Tale from the plucking table
The sun shines brightly at the Broad River camp in Wapusk National Park, but a cold wind brings a bite to this May morning. It is not quite 7 a.m., but the sun has been up for hours, and so have we. Sunlight reflects off the snow and onto my skin, darkening my tundra tan, and blending my face into the camouflage browns of my parka. I sit in a pile of feathers on a patch of dry lichen-covered tundra, surrounded by snow-covered ground. Millions of white feathers mingle with the shimmering snow.
Feathers are stuck to my greasy, unwashed hair, my lips, and my blood-smeared clothing — all the way down to the bottom of my rubber boots. I am thankful for the wind, even though it is bitterly cold, because it blows some feathers away from me. Plucking has made my thumbs raw, and gutting has made my hands greasy and blood-stained. This kind of dirt remains under your nails and in the cracks of your hands long after your return to running water and hot showers. The lingering dirt reminds you of a successful hunting trip. A gardener or mechanic would be familiar with these stains — I smell like a mixture of goose fat, guts, bog mud and pond water.
As I continue plucking, I scan the horizon regularly for polar bears, black bears and barren ground grizzlies. I look east and see a figure in camouflage walking towards camp and realize it is Darcy, a hunter from York Factory First Nation. As he approaches, Cyril, a Churchill hunter, emerges from another tree island. They stop to chat for a moment, then Darcy continues on until he reaches me at camp. He drops off eight more snow geese for me to clean.
A little while later, Frank and Brendan arrive at camp with their morning harvest and join me at the plucking table. We are in a rush to get as many geese plucked and gutted so they are ready to load onto the helicopter that will soon come to pick up Kelly, another Churchill hunter. I am thankful the hunters have arrived to help, but their time at the plucking table does not last long. All of a sudden, a flock of snow geese flies low over the camp. Frank and Brendan grab their guns and each drop a snow goose.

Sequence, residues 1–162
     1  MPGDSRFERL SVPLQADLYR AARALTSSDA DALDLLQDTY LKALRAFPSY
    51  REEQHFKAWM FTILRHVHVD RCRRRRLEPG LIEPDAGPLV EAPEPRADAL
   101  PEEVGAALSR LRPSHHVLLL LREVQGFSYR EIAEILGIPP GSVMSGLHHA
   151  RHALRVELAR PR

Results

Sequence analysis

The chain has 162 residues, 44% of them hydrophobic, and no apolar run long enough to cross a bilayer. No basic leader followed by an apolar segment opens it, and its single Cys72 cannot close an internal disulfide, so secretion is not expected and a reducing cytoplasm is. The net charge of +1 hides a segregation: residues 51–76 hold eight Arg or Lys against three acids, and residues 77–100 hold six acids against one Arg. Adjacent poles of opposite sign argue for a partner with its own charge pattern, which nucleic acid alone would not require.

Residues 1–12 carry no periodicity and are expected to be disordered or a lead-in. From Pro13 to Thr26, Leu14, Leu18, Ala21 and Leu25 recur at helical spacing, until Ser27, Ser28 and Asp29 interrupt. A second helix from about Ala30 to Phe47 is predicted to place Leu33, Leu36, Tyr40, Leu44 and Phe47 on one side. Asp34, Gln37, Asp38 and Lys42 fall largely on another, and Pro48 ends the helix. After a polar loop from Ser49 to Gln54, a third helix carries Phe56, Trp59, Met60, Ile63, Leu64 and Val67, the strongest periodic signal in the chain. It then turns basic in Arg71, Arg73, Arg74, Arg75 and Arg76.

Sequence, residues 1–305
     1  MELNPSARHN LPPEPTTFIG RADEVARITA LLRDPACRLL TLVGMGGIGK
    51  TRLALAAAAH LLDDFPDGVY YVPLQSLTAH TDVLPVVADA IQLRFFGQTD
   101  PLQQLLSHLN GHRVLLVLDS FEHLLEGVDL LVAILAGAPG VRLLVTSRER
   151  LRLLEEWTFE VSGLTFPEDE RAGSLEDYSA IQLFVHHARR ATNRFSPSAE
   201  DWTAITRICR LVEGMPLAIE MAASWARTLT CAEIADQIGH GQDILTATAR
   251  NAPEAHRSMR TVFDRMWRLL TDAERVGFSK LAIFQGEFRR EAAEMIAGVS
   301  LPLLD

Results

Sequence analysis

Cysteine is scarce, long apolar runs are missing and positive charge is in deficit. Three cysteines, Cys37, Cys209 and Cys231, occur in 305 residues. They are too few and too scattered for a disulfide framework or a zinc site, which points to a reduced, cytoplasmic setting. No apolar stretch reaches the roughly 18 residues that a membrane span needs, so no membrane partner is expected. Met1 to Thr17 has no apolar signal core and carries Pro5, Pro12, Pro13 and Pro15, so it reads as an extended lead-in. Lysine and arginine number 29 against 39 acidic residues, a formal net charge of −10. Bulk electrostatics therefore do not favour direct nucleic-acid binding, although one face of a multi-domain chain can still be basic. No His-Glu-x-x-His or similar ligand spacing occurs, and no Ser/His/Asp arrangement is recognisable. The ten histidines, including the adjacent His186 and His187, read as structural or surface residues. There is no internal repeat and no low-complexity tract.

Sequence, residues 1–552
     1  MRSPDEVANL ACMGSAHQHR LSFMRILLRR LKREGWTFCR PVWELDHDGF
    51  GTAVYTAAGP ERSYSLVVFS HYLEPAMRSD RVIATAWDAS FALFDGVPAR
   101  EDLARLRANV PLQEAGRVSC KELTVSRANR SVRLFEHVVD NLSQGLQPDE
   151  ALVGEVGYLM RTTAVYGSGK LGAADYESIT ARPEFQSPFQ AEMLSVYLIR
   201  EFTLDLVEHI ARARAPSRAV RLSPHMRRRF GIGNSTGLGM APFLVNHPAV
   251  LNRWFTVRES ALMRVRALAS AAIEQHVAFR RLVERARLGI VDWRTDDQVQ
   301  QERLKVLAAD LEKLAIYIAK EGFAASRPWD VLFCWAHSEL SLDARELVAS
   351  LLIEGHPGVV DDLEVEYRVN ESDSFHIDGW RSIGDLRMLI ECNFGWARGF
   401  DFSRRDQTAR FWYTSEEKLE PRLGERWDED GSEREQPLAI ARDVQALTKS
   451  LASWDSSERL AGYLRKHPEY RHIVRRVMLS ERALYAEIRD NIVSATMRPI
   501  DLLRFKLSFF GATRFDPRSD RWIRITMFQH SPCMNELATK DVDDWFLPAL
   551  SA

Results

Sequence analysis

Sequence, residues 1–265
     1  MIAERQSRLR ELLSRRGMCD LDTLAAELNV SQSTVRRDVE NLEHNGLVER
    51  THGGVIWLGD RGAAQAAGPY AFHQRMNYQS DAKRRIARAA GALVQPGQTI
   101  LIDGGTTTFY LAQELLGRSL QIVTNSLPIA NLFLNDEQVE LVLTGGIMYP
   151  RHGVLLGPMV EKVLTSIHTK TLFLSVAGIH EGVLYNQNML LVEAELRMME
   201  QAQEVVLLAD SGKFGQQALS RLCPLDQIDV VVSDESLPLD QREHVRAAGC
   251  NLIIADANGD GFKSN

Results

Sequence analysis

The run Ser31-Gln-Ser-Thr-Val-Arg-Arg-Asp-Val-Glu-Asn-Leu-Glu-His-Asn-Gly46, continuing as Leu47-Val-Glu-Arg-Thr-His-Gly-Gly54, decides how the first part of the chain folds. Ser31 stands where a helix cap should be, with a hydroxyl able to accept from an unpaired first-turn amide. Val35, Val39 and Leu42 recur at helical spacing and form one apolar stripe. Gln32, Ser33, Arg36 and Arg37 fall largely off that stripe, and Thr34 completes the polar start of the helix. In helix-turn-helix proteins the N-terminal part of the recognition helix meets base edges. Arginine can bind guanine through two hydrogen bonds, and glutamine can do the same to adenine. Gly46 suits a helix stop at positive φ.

This was a day from the snow goose hunting pilot project conducted in Wapusk National Park last spring. After consulting and coordinating with local and Indigenous communities, Parks Canada flew six goose hunters, as well as the provincial game bird manager and myself to the Park to bring much-needed awareness to the snow goose hyper-abundance issue and the detrimental effect these birds have on the landscape.
The Park, located in the remote wilderness of northern Manitoba, is home to a wide variety of plant and animal species, including more than five million snow geese that nest in or migrate through the Park each year. The birds’ foraging behaviour causes extensive damage to the Park’s landscape, leading to erosion and higher salt content in the remaining soil. Eventually, the landscape becomes hyper-saline, vegetation growth is prohibited and habitat quality for geese and other species declines.
The impacted area in Wapusk has increased from 4 km2 to upwards of 300 km2 in 40 years. While it is unlikely the hunt will decrease the bird’s presence, it brings awareness of the damage this over-abundant species is having on a significant protected landscape.
Following the successful snow goose hunt, Parks Canada hosted a community snow goose cook-off in Churchill with geese harvested in the Park – over 150 people attended the event, tasted the dishes and voted for their choice for the Golden Goose Award. The event promoted the culinary value of geese, especially to people living in an area where healthy protein is incredibly expensive. Snow geese represent a nutrient rich food source to local people, free of packaging and freight costs.
While we acknowledge this pilot project will not have an impact on the snow goose population, it has allowed Parks Canada to actively collaborate with Indigenous groups and traditional land users, increasing their sense of connection to Wapusk, and the opportunity to discuss possible strategies to manage the hyperabundant species in the future.
Jill Larkin is the Resource Management Officer at Wapusk National Park. She and Jodi Duhard, Public Relations Officer for the Manitoba Field Unit, Parks Canada, wrote this article together.